Why Own A Home In Hong Kong?
Since most of the Hong Kong territory is mountainous, there are many high places where you can enjoy watching the breathtaking scenery of the city, the islands, and the sea. Besides, there are parks and beaches that are easily accessible anytime via public transportation.
Behind the ridge to the south of the island are quiet villages favored by the affluent, of whom most are expatriates.
Options Available For Owning a Home in Hong Kong
- You can own home through the transfer of property. The transfer may be from a parent, family member, relative, friend or other sources, or
- You can own home through the purchase of a property.
Mortgage insurance program
You can apply for a loan with a higher Loan-To-Value (LTV) ratio as set by the Hong Kong Monetary Authority. In this arrangement, your deposit could be hundreds of thousands of dollars instead of millions. However, this means you have to pay a premium for the insurance. As a pre-requisite, the bank will work out your debt-to-income ratio and conduct a stress test to ensure you can pay back the loan. It is usually a 20 to 30 years commitment.
You should ensure you have money for emergencies like getting seriously ill (or paying bills for a seriously ill family member) or losing your job and also factor in the increased payments if interest rates rise.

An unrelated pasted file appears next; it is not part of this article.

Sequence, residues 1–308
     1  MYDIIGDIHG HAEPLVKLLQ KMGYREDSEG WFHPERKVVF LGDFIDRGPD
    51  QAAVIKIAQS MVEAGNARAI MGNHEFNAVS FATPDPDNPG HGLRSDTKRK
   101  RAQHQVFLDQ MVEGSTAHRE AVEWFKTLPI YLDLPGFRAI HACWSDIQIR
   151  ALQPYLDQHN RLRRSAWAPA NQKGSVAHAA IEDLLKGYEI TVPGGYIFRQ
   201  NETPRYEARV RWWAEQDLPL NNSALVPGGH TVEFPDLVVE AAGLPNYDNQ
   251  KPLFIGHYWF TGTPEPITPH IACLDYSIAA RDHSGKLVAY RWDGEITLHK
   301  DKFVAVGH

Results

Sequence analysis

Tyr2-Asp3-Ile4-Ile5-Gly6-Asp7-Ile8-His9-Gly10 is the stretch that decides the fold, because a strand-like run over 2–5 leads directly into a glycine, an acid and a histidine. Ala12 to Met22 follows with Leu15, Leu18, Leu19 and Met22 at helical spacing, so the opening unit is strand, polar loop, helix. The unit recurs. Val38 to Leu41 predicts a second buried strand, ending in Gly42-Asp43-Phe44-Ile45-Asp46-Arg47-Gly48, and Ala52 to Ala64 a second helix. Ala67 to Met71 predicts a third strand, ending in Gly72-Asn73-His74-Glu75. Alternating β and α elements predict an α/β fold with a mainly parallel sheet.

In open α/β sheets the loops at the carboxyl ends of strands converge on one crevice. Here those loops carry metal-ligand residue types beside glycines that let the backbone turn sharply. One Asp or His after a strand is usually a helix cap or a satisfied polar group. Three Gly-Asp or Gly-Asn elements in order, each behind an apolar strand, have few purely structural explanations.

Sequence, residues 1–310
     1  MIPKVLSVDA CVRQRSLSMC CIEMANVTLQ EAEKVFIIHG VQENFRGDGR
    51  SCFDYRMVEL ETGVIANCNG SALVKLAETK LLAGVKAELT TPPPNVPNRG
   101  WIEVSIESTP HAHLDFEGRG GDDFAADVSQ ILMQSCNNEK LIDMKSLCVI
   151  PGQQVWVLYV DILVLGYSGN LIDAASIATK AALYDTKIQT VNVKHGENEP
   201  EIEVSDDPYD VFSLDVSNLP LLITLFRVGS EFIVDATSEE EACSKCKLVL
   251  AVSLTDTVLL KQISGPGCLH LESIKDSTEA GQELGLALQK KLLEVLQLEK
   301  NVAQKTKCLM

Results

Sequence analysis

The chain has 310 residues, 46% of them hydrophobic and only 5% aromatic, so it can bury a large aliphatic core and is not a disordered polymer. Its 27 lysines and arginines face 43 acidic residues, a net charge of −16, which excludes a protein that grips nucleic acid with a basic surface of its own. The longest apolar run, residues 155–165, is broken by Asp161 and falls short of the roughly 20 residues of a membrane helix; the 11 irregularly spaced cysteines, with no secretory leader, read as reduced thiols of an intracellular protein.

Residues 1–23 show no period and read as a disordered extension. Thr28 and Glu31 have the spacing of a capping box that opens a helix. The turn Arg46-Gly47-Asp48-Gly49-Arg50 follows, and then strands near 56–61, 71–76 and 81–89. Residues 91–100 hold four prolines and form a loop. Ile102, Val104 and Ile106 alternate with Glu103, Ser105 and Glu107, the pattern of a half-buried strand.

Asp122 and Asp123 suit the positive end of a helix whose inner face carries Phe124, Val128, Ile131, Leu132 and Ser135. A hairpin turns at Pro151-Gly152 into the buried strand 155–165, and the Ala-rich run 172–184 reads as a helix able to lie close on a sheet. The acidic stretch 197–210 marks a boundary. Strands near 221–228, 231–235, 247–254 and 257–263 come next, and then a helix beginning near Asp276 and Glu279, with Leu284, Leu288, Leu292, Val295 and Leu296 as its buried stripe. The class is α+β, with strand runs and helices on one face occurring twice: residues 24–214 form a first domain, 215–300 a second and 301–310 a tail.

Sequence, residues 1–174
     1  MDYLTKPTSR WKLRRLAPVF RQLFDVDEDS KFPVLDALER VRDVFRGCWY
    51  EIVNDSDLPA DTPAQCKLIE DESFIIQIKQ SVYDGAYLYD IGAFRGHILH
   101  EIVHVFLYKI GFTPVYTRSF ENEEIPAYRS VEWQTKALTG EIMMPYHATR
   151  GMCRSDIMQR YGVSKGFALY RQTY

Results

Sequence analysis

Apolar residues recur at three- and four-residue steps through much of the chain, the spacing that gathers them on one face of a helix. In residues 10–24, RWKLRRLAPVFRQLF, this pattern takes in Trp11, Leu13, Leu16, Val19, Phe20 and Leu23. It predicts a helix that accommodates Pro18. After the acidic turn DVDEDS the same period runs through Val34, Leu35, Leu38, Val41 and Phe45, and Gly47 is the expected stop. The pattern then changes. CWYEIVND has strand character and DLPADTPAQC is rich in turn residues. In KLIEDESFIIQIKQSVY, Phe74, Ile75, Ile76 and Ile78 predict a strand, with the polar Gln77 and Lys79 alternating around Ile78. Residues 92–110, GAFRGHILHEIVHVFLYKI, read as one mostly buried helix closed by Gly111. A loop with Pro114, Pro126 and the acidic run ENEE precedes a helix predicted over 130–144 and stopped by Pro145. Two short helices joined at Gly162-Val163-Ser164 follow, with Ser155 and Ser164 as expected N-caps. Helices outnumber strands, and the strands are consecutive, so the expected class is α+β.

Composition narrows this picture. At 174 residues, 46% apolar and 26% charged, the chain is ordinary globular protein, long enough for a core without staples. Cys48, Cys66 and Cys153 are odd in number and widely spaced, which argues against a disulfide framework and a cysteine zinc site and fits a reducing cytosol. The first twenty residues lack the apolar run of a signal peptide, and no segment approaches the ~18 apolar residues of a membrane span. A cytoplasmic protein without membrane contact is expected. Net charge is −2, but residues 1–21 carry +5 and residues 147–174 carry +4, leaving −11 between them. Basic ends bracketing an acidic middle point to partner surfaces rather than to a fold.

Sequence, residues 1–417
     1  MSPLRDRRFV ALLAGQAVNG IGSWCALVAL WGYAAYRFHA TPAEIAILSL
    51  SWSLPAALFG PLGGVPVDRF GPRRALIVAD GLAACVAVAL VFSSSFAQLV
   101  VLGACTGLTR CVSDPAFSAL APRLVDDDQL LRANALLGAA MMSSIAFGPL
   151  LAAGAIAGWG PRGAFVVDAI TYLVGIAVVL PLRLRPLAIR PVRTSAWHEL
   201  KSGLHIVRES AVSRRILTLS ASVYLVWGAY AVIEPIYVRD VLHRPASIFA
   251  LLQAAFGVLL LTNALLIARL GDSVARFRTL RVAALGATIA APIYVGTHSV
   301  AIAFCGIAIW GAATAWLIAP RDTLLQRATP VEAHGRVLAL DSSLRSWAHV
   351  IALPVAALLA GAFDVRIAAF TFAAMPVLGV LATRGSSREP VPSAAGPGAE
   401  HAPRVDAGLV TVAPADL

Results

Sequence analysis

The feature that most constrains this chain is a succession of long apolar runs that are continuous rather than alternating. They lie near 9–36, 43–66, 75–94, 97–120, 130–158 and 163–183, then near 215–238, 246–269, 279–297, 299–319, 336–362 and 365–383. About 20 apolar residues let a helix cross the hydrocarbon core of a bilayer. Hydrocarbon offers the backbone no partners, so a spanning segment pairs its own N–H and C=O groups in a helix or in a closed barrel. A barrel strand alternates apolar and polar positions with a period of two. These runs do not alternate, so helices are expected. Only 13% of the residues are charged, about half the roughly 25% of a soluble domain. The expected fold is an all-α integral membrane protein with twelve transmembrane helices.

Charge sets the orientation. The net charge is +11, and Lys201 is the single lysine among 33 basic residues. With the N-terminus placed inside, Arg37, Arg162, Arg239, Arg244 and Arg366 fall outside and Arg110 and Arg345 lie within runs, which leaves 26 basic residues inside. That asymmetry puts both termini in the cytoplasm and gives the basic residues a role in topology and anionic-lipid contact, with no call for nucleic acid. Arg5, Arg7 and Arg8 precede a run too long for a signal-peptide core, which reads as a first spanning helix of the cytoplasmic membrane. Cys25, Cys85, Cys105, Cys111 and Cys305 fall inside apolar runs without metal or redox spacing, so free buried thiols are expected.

When to buy a home
Prices of homes usually go down during crises like amidst recession or pandemics like corona and sometimes during periods when people have many expenses to take care of like school openings. Therefore, it is usually an excellent time to buy a home as people are likely to sell their properties at prices a bit lower than peak times.
Can A Foreign Expatriate Own A Home In Hong Kong?
All foreigners can own a home in Hong Kong except Afghans, Albanians, Cubans, North Koreans and Chinese from the mainland (unless they are permanent residents in another country). Foreigners can buy properties such as apartment houses and rent them out without restriction.
In an attempt to cool the market and put off overseas speculation, the government has imposed an extra 15% Buyers’ Stamp Duty on foreign sales. There is also additional duty for owning a second home and for homes resold within three years.